Library – Articles

  • melbourne then, melbourne now, and melbourne’s future

    Rebecca Coates, Broadsheet, No. 43.2, Adelaide, pp. 49-52, June 2014

    Thus endeth the first lesson. As Melbourne Now drew to a close, we the public were able to reflect on what had been the largest, most ambitious, and most extensive exhibition of contemporary art that the National Gallery of Victoria has ever presented. Running for four months over summer, from November 2013 to March 2014, while not technically a biennale, it had biennale ambitions in its breadth, scale and reach.

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  • Polixeni Papapetrou – A Performative Paradox

    Dan Rule, Raven, Published 12 July 2013

    To most, the name Polixeni Papapetrou conjures theatrical negotiations of costume, symbolism, childhood and various strains of art history. Hybridised, masked and otherwise mutated characters – often half-animal, half-human – have come to imbue the celebrated Melbourne photo-artist’s recent practice with an intoxicating sense of wonder and intrigue.

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  • Polixeni Papapetrou

    Marcus Costello, Artichoke Magazine, Sydney, Issue No. 35, 2011, pp. 96-97

    From playful wonderlands to otherworldly filmic scenarios, Australian artist Polexeni Papapetrou’s photographs are filled with symbology, dreamscapes and the imaginary.

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  • Image and Imagination: Le Mois de la Photo à Montréal

    Anna Carlevaris, Magazine CIEL VARIABLE, Montreal, Issue 70, Winter 2006, pp. 35-36

    The subject of sexual violence underscores Deacon’s work and that of fellow Australian Tracey Moffatt in her exquisitely produced reveries of seduction. It is also in After Alice, a two-person show about children and predatory fantasy that includes the Australian Polixeni Papapetrou. The subject of sexual relations appears again most apparently in Karen Brett’s tightly framed, large-scale photographs of older couples’ blushing bodies, and even in Michael Snow’s colossal curtain-piece Powers of Two.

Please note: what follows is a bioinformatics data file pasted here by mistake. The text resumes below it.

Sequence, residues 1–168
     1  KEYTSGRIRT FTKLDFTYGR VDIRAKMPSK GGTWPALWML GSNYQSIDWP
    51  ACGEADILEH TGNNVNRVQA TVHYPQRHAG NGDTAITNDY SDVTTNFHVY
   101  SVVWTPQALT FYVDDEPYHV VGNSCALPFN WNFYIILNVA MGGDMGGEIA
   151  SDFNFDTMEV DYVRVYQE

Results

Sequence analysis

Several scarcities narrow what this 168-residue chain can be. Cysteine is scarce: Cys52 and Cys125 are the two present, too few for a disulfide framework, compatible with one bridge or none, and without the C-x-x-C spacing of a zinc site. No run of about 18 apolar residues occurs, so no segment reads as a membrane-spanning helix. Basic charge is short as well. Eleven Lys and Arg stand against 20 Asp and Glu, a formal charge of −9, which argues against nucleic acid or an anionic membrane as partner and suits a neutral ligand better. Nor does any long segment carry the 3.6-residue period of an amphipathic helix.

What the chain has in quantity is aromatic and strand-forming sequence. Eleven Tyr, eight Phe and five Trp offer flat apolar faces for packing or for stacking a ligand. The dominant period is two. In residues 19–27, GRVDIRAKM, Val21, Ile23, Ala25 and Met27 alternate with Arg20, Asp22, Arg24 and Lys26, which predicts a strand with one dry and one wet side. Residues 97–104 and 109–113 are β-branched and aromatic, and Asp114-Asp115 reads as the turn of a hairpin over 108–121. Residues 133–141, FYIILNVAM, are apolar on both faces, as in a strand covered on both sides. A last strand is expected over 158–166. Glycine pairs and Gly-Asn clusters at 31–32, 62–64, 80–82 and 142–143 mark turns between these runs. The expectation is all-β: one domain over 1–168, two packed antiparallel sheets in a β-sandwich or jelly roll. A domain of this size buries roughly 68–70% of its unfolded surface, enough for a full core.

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  • The Line Between Us: The Maternal Relation in Contemporary Photography

    Melissa Miles, Eyeline Contemporary Visual Arts, Brisbane, No. 56, Summer 2004/05, pp. 50-51

    At a time when the mainstream media is constantly reminding us of the declining national birth rate and the increasingly cynical approach to motherhood that supposedly characterises 'women today', it is refreshing to see a more multifaceted and sophisticated account of the psychological and physical complexities that characterise the maternal relation. In a recent exhibition at the Monash University Museum of Art, 'The Line Between Us: The Maternal Relation in Contemporary Photography', such clichés and essentialist stereotypes about motherhood are eloquently refuted. Curated by Kyla McFarlane, this beautiful and often unsettling collection of photographs by Donna Bailey, Pat Brassington, Anne Ferran, Anne Noble and Polixeni Papapetrou speaks to the tense, intimate, emotional and highly negotiated relationships between mothers and their children.

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  • Photography’s phantasmagorias

    Marielle Juchau, Real Time, Sydney, June–July 03, No. 55, p. 14

    Also haunting and otherworldly but far less ethereally so, is Polixeni Papapetrou’s bold series Phantomwise at Stills Gallery. On first glance these one metre square, unframed prints, tacked poster-style on the walls, seem to depict lifeless dolls, in quaintly cliched scenarios. These character ‘types’: The Last Pharoah, Gatsby Girl, Pilgrim Quilting, Turkish Pasha, Gypsy Queen were inspired by a set of Victorian masks that Papapetrou purchased before the birth of her daughter, Olympia.

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